Condition Reallygets under Your Skin; Psoriasis Can Affect Anyone - Even Top Fashion Models like Cara Delevingne, Who Has Hinted That She May Quit the Catwalk Due Flare Ups. as Psoriasis Awareness Week Approaches, ABI JACKSON Reveals Just How Distressing This Chronic Skin Problem Can Be for Some
As well as connecting with strangers with similar experiences, opening up about her condition also enabled friends and family to realise just how deeply psoriasis had affected her.
"It's changed how I look at my psoriasis. For me, it's now more of a positive than a negative and I've become quite involved with psoriasis on a wider level.
"Last year I started fundraising and I went to Parliament (to take part in the See Psoriasis: Look Deeper campaign, highlighting the need for emotional and psychological support for people affected by severe psoriasis).
"I keep an eye on new research and psoriasis in the news to write and tweet about too."
Jessica's blog was named one of the 'Best Psoriasis Blogs' in the 2013 Healthline Awards, but the greatest prize is knowing she's doing her bit to raise awareness and help others.
Another big turning point for Jessica was having counselling. "I changed dermatologists during my teens and the new one recognised instantly how much I was suffering and how it was affecting me. Since then, things have been brilliant."
As well as finding more suitable treatments, which are working well, talking to a counsellor helped Jessica come to terms with her feelings and put them into perspective.
"I'd advise anybody to be truthful with their doctor," she says. "Tell them how you feel. Counselling isn't a cure but it's really helped me. And there are lots of good blogs out there. The Psoriasis Association has a great website for adults and teenagers, with sections on how to cope with things like going away to university."
Carla Renton, information and communications manager at the Psoriasis Association, knows that the psychological impact of the condition is one of the most crucial aspects.
"As a highly visible condition, it can have a profound impact on people's psychological and emotional wellbeing. People with psoriasis often have very low self-esteem, which may be compounded by the real or perceived reactions of others," she says.
"We often hear of people coping with it by 'avoiding' - not wearing - T-shirts or shorts, not going to the hairdressers, even not having relationships. Everyone's different and there are people who cope very well with their psoriasis, but we also know that a third of sufferers experience depression and anxiety, and up to one in 10 contemplate suicide."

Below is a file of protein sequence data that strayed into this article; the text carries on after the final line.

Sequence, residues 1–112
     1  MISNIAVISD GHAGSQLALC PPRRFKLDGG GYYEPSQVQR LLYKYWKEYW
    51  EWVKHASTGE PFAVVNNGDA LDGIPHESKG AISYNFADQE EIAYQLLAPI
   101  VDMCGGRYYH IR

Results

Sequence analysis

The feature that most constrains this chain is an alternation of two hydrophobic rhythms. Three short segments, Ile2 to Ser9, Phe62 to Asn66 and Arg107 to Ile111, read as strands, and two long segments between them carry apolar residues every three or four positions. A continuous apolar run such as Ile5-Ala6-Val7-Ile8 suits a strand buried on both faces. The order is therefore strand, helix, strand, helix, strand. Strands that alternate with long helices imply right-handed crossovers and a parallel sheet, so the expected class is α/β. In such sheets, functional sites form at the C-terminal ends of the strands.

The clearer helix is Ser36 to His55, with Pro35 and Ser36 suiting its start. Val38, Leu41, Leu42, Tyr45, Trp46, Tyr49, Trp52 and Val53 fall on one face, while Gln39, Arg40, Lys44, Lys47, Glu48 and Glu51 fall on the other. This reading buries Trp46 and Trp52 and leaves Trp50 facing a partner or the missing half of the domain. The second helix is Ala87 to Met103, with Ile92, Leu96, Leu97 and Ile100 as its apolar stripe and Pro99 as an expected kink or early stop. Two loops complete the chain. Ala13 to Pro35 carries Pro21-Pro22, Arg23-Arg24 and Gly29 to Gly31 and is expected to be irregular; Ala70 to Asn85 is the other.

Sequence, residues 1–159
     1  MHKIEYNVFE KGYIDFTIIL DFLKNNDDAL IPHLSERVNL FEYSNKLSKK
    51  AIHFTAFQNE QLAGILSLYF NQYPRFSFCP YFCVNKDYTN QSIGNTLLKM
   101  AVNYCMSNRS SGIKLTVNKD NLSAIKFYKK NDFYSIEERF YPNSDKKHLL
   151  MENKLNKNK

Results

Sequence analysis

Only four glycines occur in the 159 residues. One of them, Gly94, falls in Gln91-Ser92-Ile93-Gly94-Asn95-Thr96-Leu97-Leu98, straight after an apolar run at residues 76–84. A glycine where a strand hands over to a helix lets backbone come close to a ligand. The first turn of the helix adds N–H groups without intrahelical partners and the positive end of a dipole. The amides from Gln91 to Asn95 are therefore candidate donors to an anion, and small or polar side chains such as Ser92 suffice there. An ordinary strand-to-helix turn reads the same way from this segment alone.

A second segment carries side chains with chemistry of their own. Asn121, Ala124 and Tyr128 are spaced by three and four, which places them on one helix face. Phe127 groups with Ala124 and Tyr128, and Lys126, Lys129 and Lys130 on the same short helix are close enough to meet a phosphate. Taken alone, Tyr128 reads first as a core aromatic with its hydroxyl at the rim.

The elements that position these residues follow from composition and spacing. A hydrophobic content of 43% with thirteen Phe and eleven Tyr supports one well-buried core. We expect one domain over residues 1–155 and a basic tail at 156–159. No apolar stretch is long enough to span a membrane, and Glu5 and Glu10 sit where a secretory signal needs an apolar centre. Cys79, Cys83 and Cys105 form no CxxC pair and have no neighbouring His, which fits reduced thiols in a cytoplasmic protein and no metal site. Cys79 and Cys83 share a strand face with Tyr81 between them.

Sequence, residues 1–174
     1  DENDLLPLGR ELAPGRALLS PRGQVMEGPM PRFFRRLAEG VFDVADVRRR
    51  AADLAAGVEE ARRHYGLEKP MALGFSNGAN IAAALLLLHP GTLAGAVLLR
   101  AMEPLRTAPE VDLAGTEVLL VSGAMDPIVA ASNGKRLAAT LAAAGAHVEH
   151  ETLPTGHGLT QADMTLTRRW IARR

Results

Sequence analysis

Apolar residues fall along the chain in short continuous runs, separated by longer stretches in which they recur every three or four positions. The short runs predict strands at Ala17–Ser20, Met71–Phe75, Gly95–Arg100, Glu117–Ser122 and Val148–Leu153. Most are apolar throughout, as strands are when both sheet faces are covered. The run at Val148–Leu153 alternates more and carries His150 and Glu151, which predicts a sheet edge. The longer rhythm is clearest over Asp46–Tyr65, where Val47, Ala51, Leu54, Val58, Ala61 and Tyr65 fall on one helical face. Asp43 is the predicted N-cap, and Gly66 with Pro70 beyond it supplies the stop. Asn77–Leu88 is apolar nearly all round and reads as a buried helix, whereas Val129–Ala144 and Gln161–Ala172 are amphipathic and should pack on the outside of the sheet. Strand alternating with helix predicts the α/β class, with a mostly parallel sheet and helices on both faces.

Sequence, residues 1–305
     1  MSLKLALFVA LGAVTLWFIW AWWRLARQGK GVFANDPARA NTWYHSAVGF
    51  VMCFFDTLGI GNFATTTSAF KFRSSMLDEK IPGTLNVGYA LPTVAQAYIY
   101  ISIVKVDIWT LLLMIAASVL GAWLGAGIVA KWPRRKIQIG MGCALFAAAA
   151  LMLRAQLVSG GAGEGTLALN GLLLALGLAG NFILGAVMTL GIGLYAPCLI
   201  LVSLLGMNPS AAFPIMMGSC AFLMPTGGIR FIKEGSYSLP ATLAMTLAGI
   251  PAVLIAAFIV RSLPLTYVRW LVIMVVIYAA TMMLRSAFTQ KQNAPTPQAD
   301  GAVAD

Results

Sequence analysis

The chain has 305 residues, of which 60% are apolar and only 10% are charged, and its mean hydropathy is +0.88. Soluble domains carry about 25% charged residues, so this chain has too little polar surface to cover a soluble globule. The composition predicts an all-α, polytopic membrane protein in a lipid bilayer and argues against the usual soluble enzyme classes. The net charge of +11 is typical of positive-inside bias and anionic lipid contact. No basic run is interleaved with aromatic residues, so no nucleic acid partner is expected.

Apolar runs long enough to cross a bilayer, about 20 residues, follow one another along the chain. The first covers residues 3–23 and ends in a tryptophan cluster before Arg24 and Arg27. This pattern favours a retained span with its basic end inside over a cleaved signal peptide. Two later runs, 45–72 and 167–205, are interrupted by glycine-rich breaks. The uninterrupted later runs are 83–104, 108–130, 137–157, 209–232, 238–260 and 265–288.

Carla notes that callers to the charity's helpline often talk about feeling isolated, and frustration is another factor. "It can have a huge impact on the day-to-day," Carla adds, as applying creams can take hours.
Echoing Jessica's advice, she's keen to point out that support is out there. "And remember you're not alone - 1.8 million people in the UK have it. If someone is struggling to cope, it's important they open up to their healthcare professional." | Psoriasis Awareness Week is November 1 - 7. For more information visit www.psoriasisassociation.org.uk or call the charity helpline on 08456 760 076.
FOR CARA DELEVINGNE pointed out, Fashion Week was the worst possible time for her skin to flare up with angry, red, dry patches. As she paraded down the catwalks earlier this year, the 21-year-old model was struck by a bout of psoriasis, which she later wrote about on Twitter revealing that she'd even thought about changing careers because of it.
"I want to make music, I want to act and I want to sing. I want to do something that doesn't make my skin erupt," she said.
Stress isn't the only trigger for psoriasis flare-ups, but it is a very big factor for many people with the condition, which is the case for many autoimmune or immune-linked diseases.
It causes raised, dry, flaky patches - which are red on fair skin or darker on darker skin tones - and can affect any area of the skin, though it varies in severity. …